2 184 Agricultural Economics Research Review Vol. 30 (Conference Number) 2017 Table 1. Trend of farmers income in India: to Year Total farm income of all farmers (in ` crore) Total cultivators Farm Income per cultivator (`) Market price Real price (in crores) Current price Real price Source: Chand (2017); Base year ( =100) properties with high micronutrient with low glycemic indices. Trends in Farmers Income in India There were no comprehensive studies on the estimates of farmers income in India prior to the study of Chand et al. (2015) on estimation of farmers income from time series data. The NSSO has published reports on Situation Assessment of Agricultural Households, 2013 (70 th Round) which provides information on the key indicators of agricultural households in India. The average monthly income per agricultural household during the agricultural year July June 2013 was ` 6426/-. The same was ` 6642/- and ` 6249/-, respectively, during July December 2012 and January June Recently, Chand (2017) has estimated the farmers income for the past 22 years, to The study has estimated the both nominal and real income by dividing the total farm income of all farmers by the total number of cultivators. Nutri-cereals Millets possess unique nutritional characteristics, they contain complex carbohydrates, dietary fibres, phenolic compounds and phytochemicals having medicinal properties. Millets are natural source of iron, zinc, calcium and other nutrients that are essential for mitigating the problem of malnutrition in India. Epidemiological studies have shown that diets rich in plant foods, including whole grains are protective against the non-communicable diseases like diabetes, cancer and cardiovascular diseases, due to protective effects of health promoting phytonutrients. They are non-acid forming and hence easy to digest and are also non-allergenic. It is well recognized that, the incidence of diabetes mellitus and gastro-intestinal tract related disorders are minimal among the population using these grains as staple food. Figure 1 depicts the area, production and yield of millets in India during Figure 1. Area, production and yield of millets in India during Source: Directorate of Economics and Statistics, GoI.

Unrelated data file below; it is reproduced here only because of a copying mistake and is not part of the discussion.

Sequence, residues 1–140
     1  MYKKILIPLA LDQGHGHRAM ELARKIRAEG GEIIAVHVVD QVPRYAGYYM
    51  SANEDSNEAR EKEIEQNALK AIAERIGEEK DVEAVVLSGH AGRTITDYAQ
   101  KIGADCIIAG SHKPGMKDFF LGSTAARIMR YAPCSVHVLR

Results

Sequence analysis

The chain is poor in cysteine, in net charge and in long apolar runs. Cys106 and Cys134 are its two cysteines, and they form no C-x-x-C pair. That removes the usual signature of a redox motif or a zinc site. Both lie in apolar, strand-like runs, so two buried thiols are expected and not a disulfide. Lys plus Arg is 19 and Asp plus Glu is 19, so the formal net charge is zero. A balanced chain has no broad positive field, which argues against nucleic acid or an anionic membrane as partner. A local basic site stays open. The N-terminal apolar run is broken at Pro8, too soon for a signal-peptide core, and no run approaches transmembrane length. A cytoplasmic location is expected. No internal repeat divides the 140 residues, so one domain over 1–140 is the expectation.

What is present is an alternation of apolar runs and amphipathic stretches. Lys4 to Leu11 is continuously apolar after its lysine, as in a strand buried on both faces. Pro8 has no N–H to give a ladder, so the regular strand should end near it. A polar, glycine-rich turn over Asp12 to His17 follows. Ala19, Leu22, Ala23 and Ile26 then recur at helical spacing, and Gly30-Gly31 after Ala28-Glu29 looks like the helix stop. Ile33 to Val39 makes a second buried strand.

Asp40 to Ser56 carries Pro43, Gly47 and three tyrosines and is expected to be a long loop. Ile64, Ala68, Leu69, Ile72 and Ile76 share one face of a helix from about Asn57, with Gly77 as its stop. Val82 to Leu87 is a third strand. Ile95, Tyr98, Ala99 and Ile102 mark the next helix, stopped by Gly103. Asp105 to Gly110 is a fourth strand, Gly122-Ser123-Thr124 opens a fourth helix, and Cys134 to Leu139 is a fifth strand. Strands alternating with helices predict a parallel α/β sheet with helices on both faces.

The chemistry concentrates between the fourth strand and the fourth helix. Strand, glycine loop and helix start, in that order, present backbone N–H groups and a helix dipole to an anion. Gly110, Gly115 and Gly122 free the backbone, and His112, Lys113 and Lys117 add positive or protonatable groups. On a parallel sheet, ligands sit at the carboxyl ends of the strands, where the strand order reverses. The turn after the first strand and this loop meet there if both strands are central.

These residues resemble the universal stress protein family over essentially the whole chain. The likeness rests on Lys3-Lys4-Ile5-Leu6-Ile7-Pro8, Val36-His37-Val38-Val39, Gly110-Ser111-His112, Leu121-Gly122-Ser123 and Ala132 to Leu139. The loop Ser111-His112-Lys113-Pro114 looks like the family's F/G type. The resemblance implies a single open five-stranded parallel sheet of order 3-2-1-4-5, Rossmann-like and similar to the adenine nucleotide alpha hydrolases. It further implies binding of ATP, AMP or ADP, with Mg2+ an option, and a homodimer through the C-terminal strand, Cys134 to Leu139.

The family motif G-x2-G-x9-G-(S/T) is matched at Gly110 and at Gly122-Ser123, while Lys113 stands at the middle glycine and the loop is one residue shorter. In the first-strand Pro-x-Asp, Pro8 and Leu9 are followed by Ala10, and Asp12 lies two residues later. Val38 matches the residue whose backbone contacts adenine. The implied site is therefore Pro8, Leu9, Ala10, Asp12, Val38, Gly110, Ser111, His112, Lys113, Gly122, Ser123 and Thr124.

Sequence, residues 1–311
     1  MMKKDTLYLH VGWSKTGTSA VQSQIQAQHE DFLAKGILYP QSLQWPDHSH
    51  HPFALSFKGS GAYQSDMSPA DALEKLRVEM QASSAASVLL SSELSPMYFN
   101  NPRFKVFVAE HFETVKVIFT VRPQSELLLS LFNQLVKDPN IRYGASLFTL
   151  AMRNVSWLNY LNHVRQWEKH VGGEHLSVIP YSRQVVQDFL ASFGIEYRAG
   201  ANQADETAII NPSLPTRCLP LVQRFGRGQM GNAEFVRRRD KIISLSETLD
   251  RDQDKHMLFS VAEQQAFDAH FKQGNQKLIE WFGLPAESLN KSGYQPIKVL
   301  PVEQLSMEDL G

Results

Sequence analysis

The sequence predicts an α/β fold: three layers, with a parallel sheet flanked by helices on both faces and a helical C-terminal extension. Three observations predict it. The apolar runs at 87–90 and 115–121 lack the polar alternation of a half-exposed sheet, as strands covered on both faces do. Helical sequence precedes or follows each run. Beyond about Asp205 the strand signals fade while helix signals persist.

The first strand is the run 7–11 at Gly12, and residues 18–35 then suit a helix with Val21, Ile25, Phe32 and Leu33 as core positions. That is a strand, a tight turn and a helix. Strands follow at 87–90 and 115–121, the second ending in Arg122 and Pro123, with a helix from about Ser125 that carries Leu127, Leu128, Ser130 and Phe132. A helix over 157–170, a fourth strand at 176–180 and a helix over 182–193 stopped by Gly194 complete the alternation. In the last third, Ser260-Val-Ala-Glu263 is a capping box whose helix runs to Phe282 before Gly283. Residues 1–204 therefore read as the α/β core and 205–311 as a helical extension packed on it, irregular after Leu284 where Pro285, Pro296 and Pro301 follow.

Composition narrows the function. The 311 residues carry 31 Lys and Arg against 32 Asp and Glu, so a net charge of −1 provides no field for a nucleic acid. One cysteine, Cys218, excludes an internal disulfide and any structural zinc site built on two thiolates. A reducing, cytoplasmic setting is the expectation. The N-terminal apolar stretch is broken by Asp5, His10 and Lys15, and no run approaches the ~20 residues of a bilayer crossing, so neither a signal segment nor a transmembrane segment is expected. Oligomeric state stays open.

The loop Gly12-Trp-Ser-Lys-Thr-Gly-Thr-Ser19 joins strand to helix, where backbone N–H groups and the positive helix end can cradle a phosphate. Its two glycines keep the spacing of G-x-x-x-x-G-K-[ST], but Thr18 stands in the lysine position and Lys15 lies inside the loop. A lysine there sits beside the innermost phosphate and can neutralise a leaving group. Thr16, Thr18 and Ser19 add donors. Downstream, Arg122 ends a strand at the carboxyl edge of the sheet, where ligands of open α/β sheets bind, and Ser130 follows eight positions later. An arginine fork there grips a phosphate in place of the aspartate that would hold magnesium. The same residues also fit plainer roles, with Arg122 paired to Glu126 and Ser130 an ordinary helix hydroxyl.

3 Rao et al. : Doubling Farmers Income in Nutri-Cereals 185 Despite all the nutritional benefits of millets, there has been a drastic reduction in their consumption in India. The main reasons for decline of the millets crops in India are low remuneration as compared to other competing crops, lack of input subsidies and price incentives, subsidized supply of fine cereals through PDS, and change in the consumer preferences. These factors had led to shift from production of millets (jowar in particular) to other competing crops such as soybean, maize, cotton, sugarcane and sunflower in the country as a whole. The present levels of returns from millets cultivation have been computed in Table 2 using cost of cultivation (CoC) data for millets ( ). Since the CoC data for small millets were not available, it was approximated from the primary survey conducted by the IIMR in Madhya Pradesh and Uttarakhand during on kodo, little and barnyard millets. The gross returns earned by the jowar, bajra and ragi farmers during from CoC data were taken as current year income and the target is set to be 2.5-times the base year income to avoid the time lag from to It can be seen that contribution of price growth has been targeted to be 25 per cent of the total income growth as compared to 20 per cent from yield growth. The growth of price is directly related to the growth in demand for millets products. The rest 45 per cent of the income growth has to be generated from value addition and reduced yield gaps. The yield enhancement is the essential component for increasing the production of millets in the country. The current level of growth rate of millets reveals (Table 3) that except for sorghum (-0.44%), all other millets have shown positive trends during the past two decades. Table 3 summarizes the target yield level and annual growth during the period of next five years. In the case of sorghum, the yield target is fixed to bring a positive growth during next five years, and for other millets, the target yield level will keep the pace of increasing yield level. Production and Productivity of Millets The expansion in area under nutri-cereal crops is a big limitation given the limited supply of lands and increased demand for lands for non-agricultural purposes. The attitude of farmers favouring the cultivation of fine cereals also hinders area expansion of millets. Therefore, increase in the productivity of millets remains the most viable option for enhancing agricultural production in the country. For increasing yield, bridging yield gaps is the most important initiative that Indian dryland agriculture should take Table 2. Growth projection of income of millets farmers and required contribution of yield and price growth Item Jowar# Bajra# Ragi# Small millets* Cost of Cultivation (`/ha) A C Value of main product (`/ha) Value of by-product (`/ha) Gross return (`/ha) Net return over A1 (`/ha) Net return over C2 (`/ha) Current ( ) yield level (q/ha) Current price level ( ) Gross Income Projected in 2022 (2.5-times for jowar, bajra and ragi) Contribution of yield Contribution of price Sources:# Directorate of Economics and Statistics, GoI. * Estimates of ICAR-IIMR based field survey of kodo, little and barnyard millets from the states of Madhya Pradesh and Current price level is MSP during for major millets. For small millets it is the price realized by sample farmers.